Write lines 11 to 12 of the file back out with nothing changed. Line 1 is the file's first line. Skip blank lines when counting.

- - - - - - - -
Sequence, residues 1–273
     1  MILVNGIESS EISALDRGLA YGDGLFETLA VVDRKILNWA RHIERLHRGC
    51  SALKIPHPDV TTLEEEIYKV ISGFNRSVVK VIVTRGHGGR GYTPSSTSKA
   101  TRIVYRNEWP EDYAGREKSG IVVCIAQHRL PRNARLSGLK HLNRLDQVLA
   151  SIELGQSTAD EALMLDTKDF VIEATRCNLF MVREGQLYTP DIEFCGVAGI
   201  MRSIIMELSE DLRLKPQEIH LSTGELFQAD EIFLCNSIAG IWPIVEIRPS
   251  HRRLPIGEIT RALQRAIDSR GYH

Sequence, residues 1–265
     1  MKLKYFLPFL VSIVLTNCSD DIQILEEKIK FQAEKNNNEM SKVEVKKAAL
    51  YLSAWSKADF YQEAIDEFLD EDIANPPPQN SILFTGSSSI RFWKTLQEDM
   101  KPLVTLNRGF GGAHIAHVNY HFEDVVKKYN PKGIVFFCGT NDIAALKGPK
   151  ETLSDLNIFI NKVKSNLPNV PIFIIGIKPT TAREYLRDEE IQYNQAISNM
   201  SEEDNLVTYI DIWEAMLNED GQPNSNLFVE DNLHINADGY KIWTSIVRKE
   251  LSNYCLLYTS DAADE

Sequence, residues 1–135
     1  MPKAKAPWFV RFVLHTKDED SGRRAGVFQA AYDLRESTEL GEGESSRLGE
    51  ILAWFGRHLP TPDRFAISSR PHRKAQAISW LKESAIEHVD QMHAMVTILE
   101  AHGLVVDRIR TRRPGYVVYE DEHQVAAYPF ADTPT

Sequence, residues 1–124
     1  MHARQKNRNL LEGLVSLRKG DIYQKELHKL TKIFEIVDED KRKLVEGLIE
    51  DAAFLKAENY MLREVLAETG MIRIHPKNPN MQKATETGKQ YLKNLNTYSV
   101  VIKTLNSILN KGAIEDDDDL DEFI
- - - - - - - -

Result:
   101  KPLVTLNRGF GGAHIAHVNY HFEDVVKKYN PKGIVFFCGT NDIAALKGPK
   151  ETLSDLNIFI NKVKSNLPNV PIFIIGIKPT TAREYLRDEE IQYNQAISNM